This archive of interviews and conversations collected in the framework of various projects that have been implemented at the Center for Urban History from 2008 to today.
Performance “The Drayman and the King”
"... Someone said once that a theater manager is like a mom for actors, which is true indeed. You love them all like your own children... There were a great many performances in our theater, even though at certain points someone for some reason was not on good terms with someone else, but there’s one piece that will remain deeply etched in my memory until the end of my days – "The Drayman and the King". It was an amazing performance in terms of atmosphere... the atmosphere in the theater on that day was special. Something different was happening in the theater. When we had that performance on stage, people talked in a different manner, they look at each other differently. That performance had a uniting power. ..."
Opanas Zalyvakha’s Exhibition
"... I decided to arrange Opanas Zalyvakha’s exhibition in Lviv (…) I invited television. So they come, and Panas, you know, is a handsome grey-haired man, well-behaved. They start talking to him, “Well, Opanas Ivanovych, we’ve read your biography, you were there and there, studied in Saint Petersburg with such and such famous people, etc. etc. And what did you do in this specific period?” And he says, “I was in Siberia for five years.” “Was it some sort of Komsomol package holiday or what?” “Heck, no, I was in the camps there.” This material was shown on TV anyway. They just cut out this piece ..."
Christmas Caroling at KGB
"... There were about fifteen of us. We would gather and split roles… a pseudo-vertep or something. We had a bell, and it was clear that we were not just walking on the streets, we were caroling. (…) Once we had an incident though. People really liked it when we came to carol. It was forbidden at that time, you know, but we dared anyway. So people would treat us to some booze, so we were quite wasted by the morning. Once, being drunk, we stopped by KGB to carol. It happened just like that. We were passing by KGB, and I said, “Let’s carol for them.” So we stopped by, opened the door, entered, but we were kicked out by the guard ..."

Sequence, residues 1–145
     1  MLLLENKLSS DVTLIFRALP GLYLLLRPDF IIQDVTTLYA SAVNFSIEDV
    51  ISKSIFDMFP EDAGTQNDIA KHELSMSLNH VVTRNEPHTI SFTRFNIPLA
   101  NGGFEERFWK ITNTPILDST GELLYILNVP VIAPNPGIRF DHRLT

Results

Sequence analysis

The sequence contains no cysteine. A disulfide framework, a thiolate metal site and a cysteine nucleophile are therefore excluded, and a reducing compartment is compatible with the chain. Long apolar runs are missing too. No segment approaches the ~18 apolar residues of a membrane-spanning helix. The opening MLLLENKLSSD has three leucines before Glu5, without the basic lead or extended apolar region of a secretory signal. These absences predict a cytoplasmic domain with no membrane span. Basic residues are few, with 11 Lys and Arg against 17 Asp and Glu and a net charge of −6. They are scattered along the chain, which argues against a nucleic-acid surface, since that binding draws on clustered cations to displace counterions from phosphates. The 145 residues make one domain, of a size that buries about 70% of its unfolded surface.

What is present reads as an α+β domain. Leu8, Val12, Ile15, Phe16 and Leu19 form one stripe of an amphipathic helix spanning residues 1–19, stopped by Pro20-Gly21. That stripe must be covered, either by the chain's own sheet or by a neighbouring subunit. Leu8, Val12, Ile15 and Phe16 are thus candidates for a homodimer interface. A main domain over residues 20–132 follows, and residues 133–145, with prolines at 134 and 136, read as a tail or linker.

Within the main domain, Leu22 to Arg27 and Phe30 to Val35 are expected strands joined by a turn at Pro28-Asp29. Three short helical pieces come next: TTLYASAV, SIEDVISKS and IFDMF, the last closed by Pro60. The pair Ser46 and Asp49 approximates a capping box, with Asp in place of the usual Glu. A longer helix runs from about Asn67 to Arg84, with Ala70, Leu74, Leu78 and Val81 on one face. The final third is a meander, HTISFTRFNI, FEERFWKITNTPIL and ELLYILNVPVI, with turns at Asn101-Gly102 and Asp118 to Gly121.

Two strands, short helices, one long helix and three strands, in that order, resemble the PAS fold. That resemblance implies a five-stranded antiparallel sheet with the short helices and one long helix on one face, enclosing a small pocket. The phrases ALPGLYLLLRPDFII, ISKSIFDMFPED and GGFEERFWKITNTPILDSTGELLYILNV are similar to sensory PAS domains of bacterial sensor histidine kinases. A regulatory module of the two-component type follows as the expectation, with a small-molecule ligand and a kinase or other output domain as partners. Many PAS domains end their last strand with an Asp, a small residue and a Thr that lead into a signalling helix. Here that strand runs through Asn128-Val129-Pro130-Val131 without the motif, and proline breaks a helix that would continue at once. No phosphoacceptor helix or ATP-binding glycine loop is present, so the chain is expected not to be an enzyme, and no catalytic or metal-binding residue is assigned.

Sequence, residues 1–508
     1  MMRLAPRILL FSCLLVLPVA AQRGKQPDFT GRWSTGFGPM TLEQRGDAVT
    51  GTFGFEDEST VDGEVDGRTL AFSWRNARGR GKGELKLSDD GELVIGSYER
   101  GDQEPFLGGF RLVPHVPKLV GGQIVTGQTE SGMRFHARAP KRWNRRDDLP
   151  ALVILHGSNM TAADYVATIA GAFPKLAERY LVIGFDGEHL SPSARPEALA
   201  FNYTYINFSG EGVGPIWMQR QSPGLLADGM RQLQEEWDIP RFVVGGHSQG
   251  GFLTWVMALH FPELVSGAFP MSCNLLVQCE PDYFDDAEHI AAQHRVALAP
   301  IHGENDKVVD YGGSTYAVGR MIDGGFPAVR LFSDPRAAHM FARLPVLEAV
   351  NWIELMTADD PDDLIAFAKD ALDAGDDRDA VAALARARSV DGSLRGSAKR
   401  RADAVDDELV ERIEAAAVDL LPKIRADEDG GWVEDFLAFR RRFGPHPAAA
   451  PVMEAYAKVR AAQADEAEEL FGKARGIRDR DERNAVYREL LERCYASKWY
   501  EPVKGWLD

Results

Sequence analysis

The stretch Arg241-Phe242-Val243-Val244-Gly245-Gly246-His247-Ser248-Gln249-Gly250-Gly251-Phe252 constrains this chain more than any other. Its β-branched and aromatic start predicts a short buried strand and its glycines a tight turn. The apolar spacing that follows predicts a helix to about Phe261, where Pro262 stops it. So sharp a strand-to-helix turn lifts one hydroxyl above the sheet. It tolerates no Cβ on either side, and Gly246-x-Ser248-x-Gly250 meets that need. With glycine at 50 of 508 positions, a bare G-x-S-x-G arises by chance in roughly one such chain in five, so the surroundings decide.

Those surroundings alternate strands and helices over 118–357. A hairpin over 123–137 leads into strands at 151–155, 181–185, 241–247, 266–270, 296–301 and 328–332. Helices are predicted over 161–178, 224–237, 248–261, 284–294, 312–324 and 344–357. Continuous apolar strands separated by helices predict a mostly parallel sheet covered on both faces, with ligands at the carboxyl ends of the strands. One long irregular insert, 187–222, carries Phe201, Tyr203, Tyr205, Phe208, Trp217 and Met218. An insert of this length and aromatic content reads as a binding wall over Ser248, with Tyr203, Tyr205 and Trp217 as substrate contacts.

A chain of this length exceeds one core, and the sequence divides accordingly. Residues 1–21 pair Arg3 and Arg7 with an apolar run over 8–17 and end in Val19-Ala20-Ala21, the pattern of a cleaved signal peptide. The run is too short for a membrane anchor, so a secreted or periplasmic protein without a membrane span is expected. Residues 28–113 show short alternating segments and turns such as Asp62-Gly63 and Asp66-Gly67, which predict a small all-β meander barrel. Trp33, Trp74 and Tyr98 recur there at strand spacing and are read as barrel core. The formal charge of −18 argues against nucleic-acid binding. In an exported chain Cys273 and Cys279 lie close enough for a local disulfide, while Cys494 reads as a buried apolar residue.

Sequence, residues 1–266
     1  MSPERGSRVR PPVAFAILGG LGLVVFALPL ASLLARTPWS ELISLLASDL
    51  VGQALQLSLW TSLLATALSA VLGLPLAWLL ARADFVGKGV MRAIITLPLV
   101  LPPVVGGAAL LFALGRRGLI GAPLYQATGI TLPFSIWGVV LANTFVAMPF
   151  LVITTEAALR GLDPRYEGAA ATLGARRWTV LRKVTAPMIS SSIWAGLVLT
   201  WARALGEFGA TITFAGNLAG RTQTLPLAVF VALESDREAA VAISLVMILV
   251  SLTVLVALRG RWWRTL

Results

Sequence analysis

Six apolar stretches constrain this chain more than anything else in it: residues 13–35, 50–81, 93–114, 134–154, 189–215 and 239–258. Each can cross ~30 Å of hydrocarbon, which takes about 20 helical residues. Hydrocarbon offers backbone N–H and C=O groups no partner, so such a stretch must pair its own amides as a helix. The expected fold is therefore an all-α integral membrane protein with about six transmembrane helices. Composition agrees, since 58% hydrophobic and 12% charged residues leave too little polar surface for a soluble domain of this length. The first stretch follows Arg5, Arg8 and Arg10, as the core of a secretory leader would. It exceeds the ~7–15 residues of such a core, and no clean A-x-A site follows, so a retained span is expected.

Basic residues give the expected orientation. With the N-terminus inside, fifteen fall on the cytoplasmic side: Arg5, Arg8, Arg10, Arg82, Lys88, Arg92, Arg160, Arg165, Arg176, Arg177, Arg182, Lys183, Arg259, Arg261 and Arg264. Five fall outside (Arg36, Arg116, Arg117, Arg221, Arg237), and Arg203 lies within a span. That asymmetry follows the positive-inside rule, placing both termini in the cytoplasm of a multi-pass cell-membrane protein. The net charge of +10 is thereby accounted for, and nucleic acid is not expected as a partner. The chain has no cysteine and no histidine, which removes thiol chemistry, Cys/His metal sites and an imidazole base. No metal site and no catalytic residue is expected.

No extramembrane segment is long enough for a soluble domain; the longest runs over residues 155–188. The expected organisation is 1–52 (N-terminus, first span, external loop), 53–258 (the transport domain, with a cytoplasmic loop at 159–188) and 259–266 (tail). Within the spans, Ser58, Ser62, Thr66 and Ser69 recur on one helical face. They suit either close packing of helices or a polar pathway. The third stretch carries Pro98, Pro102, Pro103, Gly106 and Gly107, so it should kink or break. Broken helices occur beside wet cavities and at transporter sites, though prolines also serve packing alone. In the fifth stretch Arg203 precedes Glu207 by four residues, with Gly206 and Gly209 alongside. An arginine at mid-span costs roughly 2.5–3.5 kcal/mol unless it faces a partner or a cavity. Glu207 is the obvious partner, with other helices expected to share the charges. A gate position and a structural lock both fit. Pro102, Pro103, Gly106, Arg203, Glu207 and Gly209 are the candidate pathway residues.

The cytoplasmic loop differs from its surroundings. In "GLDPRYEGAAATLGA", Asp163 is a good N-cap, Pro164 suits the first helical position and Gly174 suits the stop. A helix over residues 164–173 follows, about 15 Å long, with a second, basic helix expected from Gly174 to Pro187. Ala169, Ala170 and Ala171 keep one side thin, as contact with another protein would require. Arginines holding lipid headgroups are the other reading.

Psiacha Buda (Dog House) Café
"... “Psiacha Buda” was a coffee place on Kostomarova Street. Now it’s Rodynna Kovbaska (a meat shop), across from a waste paper collection point. It was a hall of about two meters… well, no, maybe four square meters. Auntie Sveta worked there (everyone called her auntie Sveta); she would make cezve coffee, and we would go out and hang around the place, you know. And we called it “Psiacha Buda” (Dog House). And we would always smoke and drink coffee there. We were still young and could drink as much coffee as we wanted. So we would hang out there and blabber… and then you sort of wanna leave, but another acquaintance joins and the chatting goes on ..."
The Most Difficult Phase of an Artist’s Work
"... And the last phase (at least the way I see it) is the most terrifying one. I’m not sure about other set designers, but I always stock up on sedatives during the last week when everything comes together on stage: all the props and costumes must ‘be brought to a common denominator’; grooves must fit into grooves; you don’t want actors to step on their costumes. Moreover, it all must look beautiful from an artistic point of view and create a nice artistic image. ..."
How to Work with Interviews
We really value the experience of those who agree to talk with us and want to make their voices heard. At the same time, we guarantee complete confidentiality to our interviewees. That’s why to get access to an interview, you are requested to read some excerpts from the Ukrainian legislation on personal data as well as ethical requirements and fill out a document equivalent to an informed consent form. We thank you in advance for your understanding and wish you pleasant reading and listening.